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I graduated from Computer Science this summer and so far I've been unemployed for two months due to a health issue that prevents me from performing properly as a programmer. I even had secured a job and in the end I couldn't take it because of this.

I mentioned 4-5 in the title because I honestly think it could take that long in the worst case scenario.

Consider that I'm a CompSci new grad.

Is my career screwed? And how do I make up for this?

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    Most of the other questions are about longer gaps. 4-5 months doesn't sound that bad to me. Check the other threads related to employment gaps for more information - e.g. workplace.stackexchange.com/questions/18616/… – Brandin Oct 2 '15 at 11:27
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    4-5 Months is nothing. Do not worry about it. – Ed Heal Oct 2 '15 at 11:30
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    The health issue is a pretty legitimate reason for a gap. Besides, it's only two months so far. Don't get too far ahead of yourself :) – Jane S Oct 2 '15 at 11:33
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    I'd agree that 4-5 months isn't a lot - a lot of graduates don't get a job at all immediately (roughly 10%), and of those who do get a job, a large proportion (1/3) get non-professional, unrelated job, and another chunk get an unrelated graduate job or internship, go on to more education or training etc, or just take a time out and go travelling etc. It's really not that unusual - a lot of my friends took a year or so to find a job, and nothing is thought of it. – Jon Story Oct 2 '15 at 11:41
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    I didn't end up working at all until about four months after graduating, and that was a short term job at a hotel before finally starting my career two months later. You've got nothing to worry about. – grfrazee Oct 2 '15 at 11:56
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Partial answer: Once you're healthy enough, immediately start actively learning or enhancing an important skill.

One option is to work aggressively towards a certification. Another is to volunteer part-time for a non-profit and do meaningful work directly related to your field, so you have hands-on experience. A third option is to start teaching others what you know, perhaps via high-quality video tutorials, showcasing your knowledge and communication skills. A fourth option is to take-on a few paid short-term consulting projects (if they're remote and you're up for it, consider traveling somewhere while working, which creates an easy-to-understand reason for not immediately securing full-time employment after school).

All of these help fill-in your post-school resume with useful experience, and move the gap you're concerned about further and further behind you.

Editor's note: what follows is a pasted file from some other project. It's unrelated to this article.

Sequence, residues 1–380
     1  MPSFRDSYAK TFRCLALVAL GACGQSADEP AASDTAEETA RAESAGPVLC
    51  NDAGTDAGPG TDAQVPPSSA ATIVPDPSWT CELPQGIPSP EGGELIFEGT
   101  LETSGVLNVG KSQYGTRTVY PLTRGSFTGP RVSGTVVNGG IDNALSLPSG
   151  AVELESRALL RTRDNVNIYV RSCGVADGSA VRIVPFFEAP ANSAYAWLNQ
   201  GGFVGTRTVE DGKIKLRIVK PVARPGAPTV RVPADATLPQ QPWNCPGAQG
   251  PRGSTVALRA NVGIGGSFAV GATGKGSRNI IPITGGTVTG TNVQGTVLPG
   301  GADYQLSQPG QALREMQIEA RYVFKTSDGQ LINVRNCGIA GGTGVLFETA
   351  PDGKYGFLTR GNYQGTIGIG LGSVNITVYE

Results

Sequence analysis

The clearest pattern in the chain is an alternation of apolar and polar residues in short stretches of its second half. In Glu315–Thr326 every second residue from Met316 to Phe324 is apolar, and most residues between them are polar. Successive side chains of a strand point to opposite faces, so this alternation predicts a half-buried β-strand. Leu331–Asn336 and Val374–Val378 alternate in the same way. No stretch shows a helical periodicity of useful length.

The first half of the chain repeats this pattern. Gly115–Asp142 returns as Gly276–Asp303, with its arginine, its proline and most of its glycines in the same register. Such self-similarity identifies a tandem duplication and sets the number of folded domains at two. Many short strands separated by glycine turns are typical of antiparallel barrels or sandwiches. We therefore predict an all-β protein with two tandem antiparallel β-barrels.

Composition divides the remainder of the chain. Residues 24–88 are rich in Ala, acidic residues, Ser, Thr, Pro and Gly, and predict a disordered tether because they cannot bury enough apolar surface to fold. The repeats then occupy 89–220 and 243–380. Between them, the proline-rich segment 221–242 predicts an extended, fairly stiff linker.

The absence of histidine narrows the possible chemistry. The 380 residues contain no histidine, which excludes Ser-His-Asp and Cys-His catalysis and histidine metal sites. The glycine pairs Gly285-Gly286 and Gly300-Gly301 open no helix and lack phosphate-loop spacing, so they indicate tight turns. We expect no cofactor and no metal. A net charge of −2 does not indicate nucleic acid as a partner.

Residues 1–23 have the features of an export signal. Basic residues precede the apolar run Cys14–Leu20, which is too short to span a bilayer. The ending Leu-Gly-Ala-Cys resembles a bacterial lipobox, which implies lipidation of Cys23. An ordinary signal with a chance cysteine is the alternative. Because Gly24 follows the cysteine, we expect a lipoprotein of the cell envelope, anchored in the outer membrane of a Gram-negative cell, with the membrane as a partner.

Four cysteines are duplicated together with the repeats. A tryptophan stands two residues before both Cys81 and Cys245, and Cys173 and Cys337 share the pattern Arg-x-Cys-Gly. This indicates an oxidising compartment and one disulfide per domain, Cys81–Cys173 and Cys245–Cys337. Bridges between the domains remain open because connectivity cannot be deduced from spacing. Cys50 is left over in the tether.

Otherwise, I'm not qualified to say how you ought to respond if someone specifically asks about the gap you currently have, other than to say lies have a way of being discovered, so it's best to avoid them. Good luck!

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You'll be fine. Over the course of the next 10-30 years, 4-5 months is nothing.

It wouldn't/shouldn't really be an issue, for whatever reason, unless you were in jail or in recovery for substance addiction, or something else like that.

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First priority should be to get well again. Everything else is only secondary.

A year from now, do you think anybody will say "with a five month career gap I would have accepted him, but that 6 month gap is really one month too many"? That will not happen. However, if you don't recover properly, you will have problems for much longer, maybe even the rest of your life. So relax. You cannot change it anyway. Concentrate on a recovery. Not on a quick recovery, but on a good recovery.

If you cannot use your CS skills right now, but you do have time to waste, maybe brush up totally unrelated skills. CS is seldom used on it's own. We always work for some industry. Maybe you can get some skills in an industry you'd like to work in. Financial? Business Administration? Project Management? Heck, if you want to go into that industry, even Chemistry or Biology might be helpful. But remember: that is secondary. It can wait. Do not let this get in the way of your recovery.

Being healthy and happy is a key skill that will outshine any "month" or "skill" in your personal life. And employers like to have happy and healthy people, too.

  • Thanks a lot bro. I can't vote up because my account is new but I want you to know that your words mean a lot to me. – Eugenberk Oct 4 '15 at 15:10
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I really don't think you are going to have to worry. The answer I would give a perspective employer is the truth. Tell them you had some health issues (hopefully all resolved now) and that you were unable to work at the time. Remember that not telling them the truth will get any job offer revoked and if employed is grounds for termination in almost all companies. Today with social media and the interwebs its painfully easy to find out whatever you want to know about someone.

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